What you really want to build is Outrageously Successful Relationships (OSRs) in all five Partnering Pentad areas. Again, this is Total Organizational Partnering. The benefits generally outweigh the pitfalls if you’re careful. The ability to successfully adopt the partnering paradigm philosophy is the first challenge of partnering. And, Partnering is only for the mature.


Article #5 of 5

The Necessary Core Values To Build Outrageously Successful Relationships (OSRs)

Outrageously Successful Relationships (OSRs), for partnering success in business are based on the desire to create synergy between multiple entities. Five Partnering Core Values support the foundation of such relationships. To build OSRs, integrate the following five core values into your paradigm of operation and you will experience wizardry for yourself and others!

1. Trust

This is having confidence, reliance or resting of the mind on the integrity, veracity, justice, friendship, or other sound principle of another person or thing. It’s also the glue that binds a relationship. For successful business relationships, trust is necessary to move from inertia to action. Trust is that wonderful, mystical and cherished virtue hoped for and shared among practitioners of what I call the Partnering Paradigm.

In trust, you’re continually putting yourself at risk. It’s the process of taking risks necessary in building relationships. At times you are certain to be disappointed, but hopefully these disappointments will be few, compared to the availability of beneficial experiences.

2. Tolerance & Understanding

It’s unfortunate, but the words tolerance and understanding, have become a cliché that too easily rolls off the tongue in business conversations. For business OSRs to work, this core value must be cherished and practiced by all. When you can accept the value of an idea rather than be concerned by whose inspiration it was conceived, you would truly exhibit tolerance and understanding.

3. Cooperation & Growth

In my relationship seminars, I lead an exercise where several people are standing in a circle, facing center, blindfolded, and holding a rope. Then I tell them to make a square. I use this exercise to show how much more is possible when participants work together rather than separately. This is only possible when they adopt an attitude of cooperation. During the rope exercise, it is always interesting who shows up as the leader to make the square. It’s not always the person who signs the paychecks. Growth is the natural outcropping of this exercise because participants see each other in a new light.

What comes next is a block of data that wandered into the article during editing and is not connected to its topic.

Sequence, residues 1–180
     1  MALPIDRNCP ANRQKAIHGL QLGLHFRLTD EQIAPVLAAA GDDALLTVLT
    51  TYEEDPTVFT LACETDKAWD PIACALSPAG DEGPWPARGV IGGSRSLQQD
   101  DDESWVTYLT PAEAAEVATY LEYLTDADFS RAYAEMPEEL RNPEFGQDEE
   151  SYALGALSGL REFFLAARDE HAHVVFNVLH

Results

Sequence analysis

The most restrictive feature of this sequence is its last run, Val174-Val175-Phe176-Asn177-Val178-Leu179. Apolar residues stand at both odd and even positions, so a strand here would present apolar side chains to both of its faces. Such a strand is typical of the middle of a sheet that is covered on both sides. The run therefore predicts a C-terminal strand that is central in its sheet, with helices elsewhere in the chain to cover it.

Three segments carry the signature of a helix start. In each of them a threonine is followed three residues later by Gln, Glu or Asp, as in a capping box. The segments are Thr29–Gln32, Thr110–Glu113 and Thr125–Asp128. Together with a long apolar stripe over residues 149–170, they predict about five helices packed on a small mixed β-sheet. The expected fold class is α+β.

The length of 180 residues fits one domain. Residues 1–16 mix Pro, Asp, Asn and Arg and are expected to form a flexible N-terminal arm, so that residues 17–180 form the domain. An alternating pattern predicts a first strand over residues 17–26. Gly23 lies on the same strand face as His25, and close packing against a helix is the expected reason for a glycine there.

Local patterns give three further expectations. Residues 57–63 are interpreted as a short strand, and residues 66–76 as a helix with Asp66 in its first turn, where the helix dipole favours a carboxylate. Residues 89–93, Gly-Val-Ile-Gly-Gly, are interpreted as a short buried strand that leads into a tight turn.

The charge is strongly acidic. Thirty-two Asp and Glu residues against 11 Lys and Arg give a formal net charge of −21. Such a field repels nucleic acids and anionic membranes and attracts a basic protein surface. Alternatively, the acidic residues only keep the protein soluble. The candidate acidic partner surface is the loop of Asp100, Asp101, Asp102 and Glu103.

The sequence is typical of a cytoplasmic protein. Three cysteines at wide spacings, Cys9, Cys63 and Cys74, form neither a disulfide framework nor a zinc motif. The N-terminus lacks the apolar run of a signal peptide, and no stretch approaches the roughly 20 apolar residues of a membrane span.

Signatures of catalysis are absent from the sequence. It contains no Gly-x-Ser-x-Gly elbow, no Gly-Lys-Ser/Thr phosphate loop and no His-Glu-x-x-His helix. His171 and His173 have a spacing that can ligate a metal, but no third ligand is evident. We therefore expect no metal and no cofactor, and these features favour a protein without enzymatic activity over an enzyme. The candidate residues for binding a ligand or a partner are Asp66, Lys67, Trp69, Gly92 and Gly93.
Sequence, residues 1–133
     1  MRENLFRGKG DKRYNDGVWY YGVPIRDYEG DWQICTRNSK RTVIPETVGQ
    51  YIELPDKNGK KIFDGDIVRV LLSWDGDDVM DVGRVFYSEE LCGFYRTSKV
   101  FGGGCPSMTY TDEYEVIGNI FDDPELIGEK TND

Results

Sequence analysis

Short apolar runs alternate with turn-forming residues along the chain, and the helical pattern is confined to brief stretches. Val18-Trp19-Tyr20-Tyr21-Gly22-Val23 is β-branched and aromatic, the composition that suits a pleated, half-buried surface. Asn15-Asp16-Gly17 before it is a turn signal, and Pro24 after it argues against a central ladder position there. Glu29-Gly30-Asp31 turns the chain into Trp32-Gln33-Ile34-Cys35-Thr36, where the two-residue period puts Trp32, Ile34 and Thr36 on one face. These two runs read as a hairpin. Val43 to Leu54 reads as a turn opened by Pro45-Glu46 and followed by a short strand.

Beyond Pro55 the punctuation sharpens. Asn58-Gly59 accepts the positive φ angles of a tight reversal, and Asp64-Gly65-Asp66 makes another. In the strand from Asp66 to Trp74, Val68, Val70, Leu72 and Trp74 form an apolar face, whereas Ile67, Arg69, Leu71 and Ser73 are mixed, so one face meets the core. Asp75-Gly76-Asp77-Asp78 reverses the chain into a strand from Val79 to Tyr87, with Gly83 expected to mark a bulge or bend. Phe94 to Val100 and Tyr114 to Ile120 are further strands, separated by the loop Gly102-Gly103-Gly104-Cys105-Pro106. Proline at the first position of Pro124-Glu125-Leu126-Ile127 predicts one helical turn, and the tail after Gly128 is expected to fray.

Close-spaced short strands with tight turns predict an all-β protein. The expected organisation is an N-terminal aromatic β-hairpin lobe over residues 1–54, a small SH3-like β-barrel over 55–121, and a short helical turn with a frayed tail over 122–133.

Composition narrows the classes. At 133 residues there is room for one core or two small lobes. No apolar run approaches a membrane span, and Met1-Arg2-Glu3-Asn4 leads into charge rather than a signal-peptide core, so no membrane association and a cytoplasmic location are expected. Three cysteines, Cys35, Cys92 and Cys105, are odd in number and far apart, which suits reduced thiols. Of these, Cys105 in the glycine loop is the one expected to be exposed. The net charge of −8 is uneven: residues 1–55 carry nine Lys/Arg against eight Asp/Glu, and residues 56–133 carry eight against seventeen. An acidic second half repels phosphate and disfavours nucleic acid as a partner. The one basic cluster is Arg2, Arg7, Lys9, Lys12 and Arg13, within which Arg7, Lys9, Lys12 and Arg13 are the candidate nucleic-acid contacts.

4. Caring & Commitment

Caring about a business relationship is essential in making a commitment to its success. This is what will usually smooth out the potholes on the road to OSRs. It’s this element that allows others to voice their opinion and remain safe from criticism. Additionally, there is also the commitment that is necessary to the function of leadership, and at times, the ability to follow when another is currently leading.

Another important aspect of caring is to welcome and accept responsibility. Rather than saying, “You really should . . .” in OSR building it would be better to say, “This is what I think we need to do.” Then say, “If it is ok with you, I’ll take care of it.” In many businesses, idea people are a-dime a-dozen, but those who can implement are immeasurably valuable.

5. Synergy & Mutuality

OSR building must be an institution of trust, tolerance, understanding, cooperation, growth, caring, and commitment. This results in synergy and mutuality, similar to that of a successful marriage. Business OSRs have much in common with the institution of marriage. Both require all of the above, and both offer benefits that outdistance the possibilities available singularly. Build your OSRs and enjoy the partnering success benefits.


Get even more ideas on partnering success by watching Ed’s interview at the Cisco.

Success Strategies for Recently Merged Organizations (546 Words)

Recently Merged Organizations

In business today, it seems that recently merged organizations are as commonplace as reorders. If a merger has not affected you, I’d be surprised. With the blending of two cultures, generally come challenges and opportunities. To better focus on the opportunities, and not the challenges, follow the recommended process below.

1. Decide Synergistic Expectations. Be clear on what you are looking to have happen, resulting from the recently merged organizations. Top on many lists is economies of scale that generally result is cost savings.

2. Inventory the Expectations of Employees, Management and Executives. Job security will most likely on the minds of middle management and workers. Executive compensation parity will on the mind of many.